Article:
Russian President Vladimir Putin said on Wednesday a complete victory had been achieved over Islamic State militants on both banks of the Euphrates river in Syria.
Ultimately, however, the case is mostly characterized by what an Associated Press report on Saturday referred to “lots of smoke, but no smoking gun.” Even the president’s sharpest detractors have been unable to find concrete evidence that his campaign may have coordinated with, or was even aware of, Russian efforts to swing the election.
The U.S. Treasury Department on Tuesday further tightened its restrictions on certain short-term Russian corporate debt, in line with a law signed by President Donald Trump.
Google does not change its search algorithm to re-rank individual websites, it said in a letter to Russia’s communications watchdog, after Moscow expressed concerns the search engine might discriminate against Russian media.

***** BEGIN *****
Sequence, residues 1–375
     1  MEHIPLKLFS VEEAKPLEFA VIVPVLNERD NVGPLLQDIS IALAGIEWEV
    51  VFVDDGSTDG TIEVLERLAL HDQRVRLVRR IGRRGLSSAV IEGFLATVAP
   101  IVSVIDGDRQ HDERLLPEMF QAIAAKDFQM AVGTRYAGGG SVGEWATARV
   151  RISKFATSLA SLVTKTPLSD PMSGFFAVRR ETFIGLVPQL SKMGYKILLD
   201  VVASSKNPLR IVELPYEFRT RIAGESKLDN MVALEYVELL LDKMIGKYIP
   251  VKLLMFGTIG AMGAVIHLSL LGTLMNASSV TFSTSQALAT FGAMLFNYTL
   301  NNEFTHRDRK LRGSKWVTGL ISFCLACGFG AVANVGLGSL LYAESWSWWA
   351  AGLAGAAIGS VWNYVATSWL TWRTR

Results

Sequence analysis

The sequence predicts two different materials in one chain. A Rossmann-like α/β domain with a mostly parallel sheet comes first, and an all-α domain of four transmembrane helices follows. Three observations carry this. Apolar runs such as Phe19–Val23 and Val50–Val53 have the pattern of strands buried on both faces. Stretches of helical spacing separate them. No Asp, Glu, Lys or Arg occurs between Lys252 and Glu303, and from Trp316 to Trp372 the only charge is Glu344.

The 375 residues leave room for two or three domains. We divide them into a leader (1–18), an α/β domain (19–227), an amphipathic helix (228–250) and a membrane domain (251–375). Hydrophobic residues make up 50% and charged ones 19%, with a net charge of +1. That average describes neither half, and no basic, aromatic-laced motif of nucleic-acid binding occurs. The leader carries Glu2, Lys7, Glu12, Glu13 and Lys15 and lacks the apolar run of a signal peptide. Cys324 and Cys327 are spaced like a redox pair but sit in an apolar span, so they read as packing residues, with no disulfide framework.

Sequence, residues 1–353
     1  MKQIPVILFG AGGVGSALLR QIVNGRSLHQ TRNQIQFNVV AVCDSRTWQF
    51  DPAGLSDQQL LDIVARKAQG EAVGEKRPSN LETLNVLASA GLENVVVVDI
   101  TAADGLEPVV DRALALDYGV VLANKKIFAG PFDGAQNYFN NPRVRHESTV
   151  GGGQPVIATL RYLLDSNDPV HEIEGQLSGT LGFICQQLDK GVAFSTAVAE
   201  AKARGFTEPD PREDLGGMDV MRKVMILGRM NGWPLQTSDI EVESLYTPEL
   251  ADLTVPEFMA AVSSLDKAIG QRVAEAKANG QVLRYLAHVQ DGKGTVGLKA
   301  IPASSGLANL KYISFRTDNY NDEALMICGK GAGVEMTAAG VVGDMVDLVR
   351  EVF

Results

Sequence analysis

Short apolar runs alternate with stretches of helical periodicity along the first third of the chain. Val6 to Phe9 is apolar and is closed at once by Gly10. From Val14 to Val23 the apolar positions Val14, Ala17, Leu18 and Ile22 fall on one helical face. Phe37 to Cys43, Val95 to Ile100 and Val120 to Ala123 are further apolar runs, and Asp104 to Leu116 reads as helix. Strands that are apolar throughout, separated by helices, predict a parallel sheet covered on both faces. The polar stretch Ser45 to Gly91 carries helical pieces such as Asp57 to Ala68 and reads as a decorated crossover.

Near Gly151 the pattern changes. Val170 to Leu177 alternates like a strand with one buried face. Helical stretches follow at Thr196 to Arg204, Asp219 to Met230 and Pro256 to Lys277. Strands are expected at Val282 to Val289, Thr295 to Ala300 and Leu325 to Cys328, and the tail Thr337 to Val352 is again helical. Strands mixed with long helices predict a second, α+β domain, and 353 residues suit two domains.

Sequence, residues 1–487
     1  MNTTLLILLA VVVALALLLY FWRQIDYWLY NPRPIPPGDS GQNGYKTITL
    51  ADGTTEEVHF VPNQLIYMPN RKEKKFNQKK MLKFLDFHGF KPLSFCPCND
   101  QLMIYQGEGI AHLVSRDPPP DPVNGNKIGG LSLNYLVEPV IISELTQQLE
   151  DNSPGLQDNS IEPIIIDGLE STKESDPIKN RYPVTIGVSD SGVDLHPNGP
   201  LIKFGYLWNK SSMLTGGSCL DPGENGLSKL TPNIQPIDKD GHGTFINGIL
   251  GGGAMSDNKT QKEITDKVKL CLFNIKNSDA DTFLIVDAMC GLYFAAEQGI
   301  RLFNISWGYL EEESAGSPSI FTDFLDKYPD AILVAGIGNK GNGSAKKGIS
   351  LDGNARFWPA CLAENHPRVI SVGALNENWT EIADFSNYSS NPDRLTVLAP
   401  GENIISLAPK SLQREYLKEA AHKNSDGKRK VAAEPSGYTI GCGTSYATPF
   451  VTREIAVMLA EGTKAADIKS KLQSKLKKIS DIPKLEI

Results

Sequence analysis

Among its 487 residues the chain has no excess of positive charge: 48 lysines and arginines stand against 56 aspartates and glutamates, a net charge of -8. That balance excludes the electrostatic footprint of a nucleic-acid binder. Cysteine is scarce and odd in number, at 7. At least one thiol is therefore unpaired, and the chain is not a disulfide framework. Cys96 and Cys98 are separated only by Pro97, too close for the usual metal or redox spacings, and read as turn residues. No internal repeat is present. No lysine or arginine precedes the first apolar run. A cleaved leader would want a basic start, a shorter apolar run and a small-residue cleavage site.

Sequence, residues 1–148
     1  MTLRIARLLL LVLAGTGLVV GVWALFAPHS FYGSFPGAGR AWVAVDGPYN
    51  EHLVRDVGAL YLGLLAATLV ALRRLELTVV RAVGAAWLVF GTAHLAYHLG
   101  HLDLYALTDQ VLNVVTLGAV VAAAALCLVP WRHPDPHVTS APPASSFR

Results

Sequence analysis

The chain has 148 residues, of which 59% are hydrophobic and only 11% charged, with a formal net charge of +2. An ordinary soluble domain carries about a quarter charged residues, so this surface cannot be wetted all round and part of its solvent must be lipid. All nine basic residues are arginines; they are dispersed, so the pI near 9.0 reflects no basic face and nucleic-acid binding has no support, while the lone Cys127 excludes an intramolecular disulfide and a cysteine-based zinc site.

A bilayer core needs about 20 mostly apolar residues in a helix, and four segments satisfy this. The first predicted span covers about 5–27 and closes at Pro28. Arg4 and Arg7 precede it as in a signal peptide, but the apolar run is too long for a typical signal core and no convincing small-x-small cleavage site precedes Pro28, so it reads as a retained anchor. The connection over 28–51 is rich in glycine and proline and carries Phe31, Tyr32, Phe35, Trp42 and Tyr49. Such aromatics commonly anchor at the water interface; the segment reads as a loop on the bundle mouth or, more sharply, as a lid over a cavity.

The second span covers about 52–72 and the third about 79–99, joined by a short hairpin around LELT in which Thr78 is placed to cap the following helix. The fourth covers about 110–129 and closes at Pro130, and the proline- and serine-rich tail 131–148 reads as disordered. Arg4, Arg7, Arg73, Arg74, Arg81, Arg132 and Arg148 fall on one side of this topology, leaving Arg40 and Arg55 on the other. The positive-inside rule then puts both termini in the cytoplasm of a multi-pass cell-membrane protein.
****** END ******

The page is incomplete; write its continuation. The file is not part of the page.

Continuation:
The next newsletter will be Monday, November 27.
As part of a new joint statement on Syria between the U.S. and Russia, the two countries have agreed that Syria must eventually hold U.N.-supervised elections to bring new leadership to the country as part of the process of ending its multiyear civil war, according to two senior State Department officials.
President Vladimir Putin has unveiled Russia’s first monument to people killed in political repression under Communist dictator Joseph Stalin.
The U.S. Air Force is preparing to put nuclear-armed bombers back on 24-hour ready alert, a status not seen since the Cold War ended in 1991.
The presidential campaign of Hillary Clinton and the Democratic National Committee paid for research that was included in a dossier made public in January that contained salacious claims about connections between Donald J. Trump, his associates and Russia.
In a rare public statement on the honoring of anti-Semites in Ukraine, Israel’s ambassador to that country called the phenomenon a “problem” that is “not in line” with Israel’s interests.